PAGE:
Sri Lanka’s exports soar 24% amid severe currency crisis


ECONOMYNEXT – Sri Lanka’s merchandise exports soared 24.17% to US$12.47 billion in 2021, official data shows, as the country is mired in the worst currency shortages in recent memory, dragged down by printed money to maintain fixed interest rates.

“The hard work and commitment of industrialists along with the government’s decision to quickly vaccinate the country’s workforce has started to pay off,” Trade Minister Bandula Gunewardene was quoted as saying by the Development Council. exports from Sri Lanka.

Strong export growth and worsening foreign exchange shortages shattered mercantilist claims that a higher level of exports and a “production economy” would solve the country’s monetary problems, created by the discretionary independence granted to the central bank to print money.

Analysts using classical economic principles had warned that increased exports would lead to increased imports as the recipients of the money would spend them on goods and services, although this would not cause any currency problems.

However, if money were printed to pay workers in the expanding public sector or for any other purpose, the currency would be under pressure and reserves would be lost, even if exports increase.

As of December 2021, Sri Lanka’s merchandise exports increased by 16.71% year-on-year to US$1,125.69 million. This was also a 12.48% increase from 2019.

Imports in December were estimated at US$2.2 billion after two months of sterilized interventions (giving foreign exchange reserves to the central bank for imports and printing an equal or greater amount to keep rates low) as well as income from services and remittances.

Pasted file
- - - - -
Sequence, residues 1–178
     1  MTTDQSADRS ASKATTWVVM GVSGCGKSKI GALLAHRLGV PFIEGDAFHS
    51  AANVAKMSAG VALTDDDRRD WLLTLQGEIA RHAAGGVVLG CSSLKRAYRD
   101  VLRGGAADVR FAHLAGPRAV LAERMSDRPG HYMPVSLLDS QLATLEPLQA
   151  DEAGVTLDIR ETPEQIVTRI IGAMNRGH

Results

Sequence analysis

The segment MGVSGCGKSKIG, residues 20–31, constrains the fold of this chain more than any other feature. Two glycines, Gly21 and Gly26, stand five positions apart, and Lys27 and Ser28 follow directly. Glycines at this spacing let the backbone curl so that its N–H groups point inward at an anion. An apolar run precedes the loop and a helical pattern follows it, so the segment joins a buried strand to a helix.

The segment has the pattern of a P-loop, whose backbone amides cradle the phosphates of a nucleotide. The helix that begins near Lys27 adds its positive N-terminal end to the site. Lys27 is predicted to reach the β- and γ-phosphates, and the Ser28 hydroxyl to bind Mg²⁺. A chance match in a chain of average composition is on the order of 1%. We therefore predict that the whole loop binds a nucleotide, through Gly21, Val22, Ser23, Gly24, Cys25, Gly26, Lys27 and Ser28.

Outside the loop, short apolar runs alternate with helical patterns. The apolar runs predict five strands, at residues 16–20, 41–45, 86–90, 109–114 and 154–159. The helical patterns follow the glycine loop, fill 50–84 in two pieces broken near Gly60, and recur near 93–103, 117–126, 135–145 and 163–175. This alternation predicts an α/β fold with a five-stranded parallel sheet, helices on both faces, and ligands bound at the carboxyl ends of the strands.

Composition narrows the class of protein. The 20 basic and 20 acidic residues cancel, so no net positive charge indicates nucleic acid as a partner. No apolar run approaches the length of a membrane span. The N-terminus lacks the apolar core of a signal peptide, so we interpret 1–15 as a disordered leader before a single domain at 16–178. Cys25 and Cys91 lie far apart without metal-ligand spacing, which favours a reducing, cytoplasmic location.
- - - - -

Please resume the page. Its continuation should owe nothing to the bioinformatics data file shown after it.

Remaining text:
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Sri Lanka’s exports had increased in 2021 partly due to higher world prices, driven by money printing in the United States. The Fed said it would stop printing money in March after inflation hit a 40-year high.

Domestic demand in the US and EU has increased artificially with liquidity injections and stimulus checks without accompanying production (an aggregate demand bubble), leading to supply chain bottlenecks in the world and high prices.

The Fed then falsely claimed it was “transitional”, but later admitted it was to blame.

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In Sri Lanka, amid record imports driven by investment and intermediate goods, low interest rates and a credit recovery, foreign exchange shortages have worsened as the country experiences import disruptions fuel and other imports.

In Sri Lanka, garment and textile exports increased by 22.93% to reach US$5,415.92 million in 2021.

Exports of garments by 25.7% and woven fabrics increased by 99.84% while exports of made-up textile articles fell by 44.81% and yarns and other textile articles fell by 8.16% .

Tea export earnings increased by 6.72% to $1,324.38 million during the year.

Exports of all tea sector subcategories increased with tea bags up 10.11%, loose tea up 2.47%, tea bags up 84.07%, instant tea 19.46% and green tea 22.79%.

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